From Port to Sherry to Madeira and more, fortified wines as a category offer a vast range of diversity. Produced with the addition of distilled spirit to increase the alcohol level in the final wine, fortified wines can range in style quite dramatically, from dry and saline to luscious and rich. Made widely throughout the world, the process of fortification actually came about by means of necessity, rather than taste, as a way to preserve wines on long journeys across the sea.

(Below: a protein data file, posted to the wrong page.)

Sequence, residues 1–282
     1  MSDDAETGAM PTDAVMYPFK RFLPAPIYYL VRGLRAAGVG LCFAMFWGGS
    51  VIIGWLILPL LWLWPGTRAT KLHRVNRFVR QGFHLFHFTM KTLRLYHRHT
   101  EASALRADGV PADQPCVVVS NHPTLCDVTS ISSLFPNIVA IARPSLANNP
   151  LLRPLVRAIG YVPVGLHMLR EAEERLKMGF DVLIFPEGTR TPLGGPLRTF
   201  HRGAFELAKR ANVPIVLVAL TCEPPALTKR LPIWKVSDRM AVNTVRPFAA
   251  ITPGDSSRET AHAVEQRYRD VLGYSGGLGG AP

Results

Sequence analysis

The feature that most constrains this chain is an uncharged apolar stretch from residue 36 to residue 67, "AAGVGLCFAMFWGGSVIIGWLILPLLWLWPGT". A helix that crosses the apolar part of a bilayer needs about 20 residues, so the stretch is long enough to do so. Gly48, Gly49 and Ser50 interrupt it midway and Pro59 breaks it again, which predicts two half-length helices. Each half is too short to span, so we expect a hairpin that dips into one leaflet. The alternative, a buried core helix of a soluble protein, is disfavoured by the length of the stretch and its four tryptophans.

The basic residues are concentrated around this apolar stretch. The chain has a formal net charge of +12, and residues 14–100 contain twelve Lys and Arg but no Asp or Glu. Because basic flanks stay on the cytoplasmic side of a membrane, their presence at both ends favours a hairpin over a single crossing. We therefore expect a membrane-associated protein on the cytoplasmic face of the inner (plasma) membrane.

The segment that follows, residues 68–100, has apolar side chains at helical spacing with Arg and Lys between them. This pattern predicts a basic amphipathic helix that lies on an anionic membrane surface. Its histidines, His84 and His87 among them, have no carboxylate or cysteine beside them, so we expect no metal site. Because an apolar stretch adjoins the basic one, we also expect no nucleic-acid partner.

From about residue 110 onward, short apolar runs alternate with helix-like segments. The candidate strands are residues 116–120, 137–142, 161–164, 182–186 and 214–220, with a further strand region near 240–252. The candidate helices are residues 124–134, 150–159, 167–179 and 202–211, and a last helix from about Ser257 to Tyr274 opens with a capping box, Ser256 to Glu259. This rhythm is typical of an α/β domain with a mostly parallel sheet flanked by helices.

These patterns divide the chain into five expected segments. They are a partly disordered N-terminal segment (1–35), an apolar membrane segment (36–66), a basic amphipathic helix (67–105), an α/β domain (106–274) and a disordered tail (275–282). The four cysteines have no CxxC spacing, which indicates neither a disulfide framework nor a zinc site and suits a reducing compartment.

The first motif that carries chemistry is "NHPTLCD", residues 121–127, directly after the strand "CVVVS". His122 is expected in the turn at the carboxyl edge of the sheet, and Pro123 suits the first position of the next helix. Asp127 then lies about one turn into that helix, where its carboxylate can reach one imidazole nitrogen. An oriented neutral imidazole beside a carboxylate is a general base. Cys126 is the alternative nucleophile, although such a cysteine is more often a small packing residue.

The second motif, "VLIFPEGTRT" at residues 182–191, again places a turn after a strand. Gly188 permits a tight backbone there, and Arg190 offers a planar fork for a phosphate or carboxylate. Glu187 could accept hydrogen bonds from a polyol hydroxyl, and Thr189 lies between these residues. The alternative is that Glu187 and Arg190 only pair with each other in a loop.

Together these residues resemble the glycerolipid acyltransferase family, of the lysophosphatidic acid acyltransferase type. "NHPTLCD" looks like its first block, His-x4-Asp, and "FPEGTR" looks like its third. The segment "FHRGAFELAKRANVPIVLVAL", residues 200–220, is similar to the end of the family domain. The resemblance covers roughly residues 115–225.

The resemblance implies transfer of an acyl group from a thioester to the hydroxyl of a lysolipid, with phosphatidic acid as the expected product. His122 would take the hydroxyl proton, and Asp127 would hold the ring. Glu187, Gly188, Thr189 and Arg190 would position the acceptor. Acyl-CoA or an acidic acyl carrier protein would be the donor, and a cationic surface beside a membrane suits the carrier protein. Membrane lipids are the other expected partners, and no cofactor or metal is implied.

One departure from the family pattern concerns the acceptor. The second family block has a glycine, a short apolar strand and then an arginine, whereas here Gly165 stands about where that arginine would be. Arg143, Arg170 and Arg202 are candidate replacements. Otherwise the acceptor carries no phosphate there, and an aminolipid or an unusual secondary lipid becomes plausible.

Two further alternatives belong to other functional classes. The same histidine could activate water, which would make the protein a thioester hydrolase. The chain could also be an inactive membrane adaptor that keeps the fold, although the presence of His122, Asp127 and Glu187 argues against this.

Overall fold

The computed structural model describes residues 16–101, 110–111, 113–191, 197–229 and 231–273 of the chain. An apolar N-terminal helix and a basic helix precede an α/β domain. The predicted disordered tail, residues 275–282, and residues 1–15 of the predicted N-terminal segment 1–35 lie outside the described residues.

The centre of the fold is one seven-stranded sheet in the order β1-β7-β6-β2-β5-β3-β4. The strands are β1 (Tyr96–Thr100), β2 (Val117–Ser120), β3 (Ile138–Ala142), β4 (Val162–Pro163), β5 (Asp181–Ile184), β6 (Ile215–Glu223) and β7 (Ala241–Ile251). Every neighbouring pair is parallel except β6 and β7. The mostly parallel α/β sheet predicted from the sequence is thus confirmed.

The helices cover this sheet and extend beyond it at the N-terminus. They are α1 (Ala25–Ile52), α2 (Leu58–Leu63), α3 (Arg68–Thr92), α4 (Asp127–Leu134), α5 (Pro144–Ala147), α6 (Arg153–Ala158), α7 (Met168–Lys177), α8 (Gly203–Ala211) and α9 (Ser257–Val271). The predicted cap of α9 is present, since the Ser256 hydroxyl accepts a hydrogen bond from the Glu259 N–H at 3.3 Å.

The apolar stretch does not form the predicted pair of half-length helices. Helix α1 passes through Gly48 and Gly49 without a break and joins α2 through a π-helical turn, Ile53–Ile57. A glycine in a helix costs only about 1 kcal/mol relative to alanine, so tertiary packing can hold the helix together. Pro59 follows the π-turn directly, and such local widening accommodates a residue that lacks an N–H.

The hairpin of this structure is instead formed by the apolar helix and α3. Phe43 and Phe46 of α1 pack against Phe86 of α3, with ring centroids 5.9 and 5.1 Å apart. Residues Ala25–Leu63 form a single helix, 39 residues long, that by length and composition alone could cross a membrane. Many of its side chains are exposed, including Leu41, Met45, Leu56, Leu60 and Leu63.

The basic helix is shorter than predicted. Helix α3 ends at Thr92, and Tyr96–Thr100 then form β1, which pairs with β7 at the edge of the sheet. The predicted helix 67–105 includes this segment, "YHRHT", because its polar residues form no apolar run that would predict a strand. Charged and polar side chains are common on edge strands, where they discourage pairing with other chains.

Sherry, from the area in southern Spain surrounding the town of Jerez de la Frontera, is often thought to be one of the most diverse styles of wine in the world, ranging from the driest to the sweetest wines, and offers wine lovers a wealth of choice. Port, from the Douro Valley in Portugal, while always sweet, also offers many sub-categories. Other fortified wines like Madeira, from the Portuguese island of the same name, Marsala, from Sicily, and France's Vins Doux Naturels, among others, demonstrate that the power of terroir is real even when it comes to fortification, with each region putting its stamp on its own expression of fortified wines.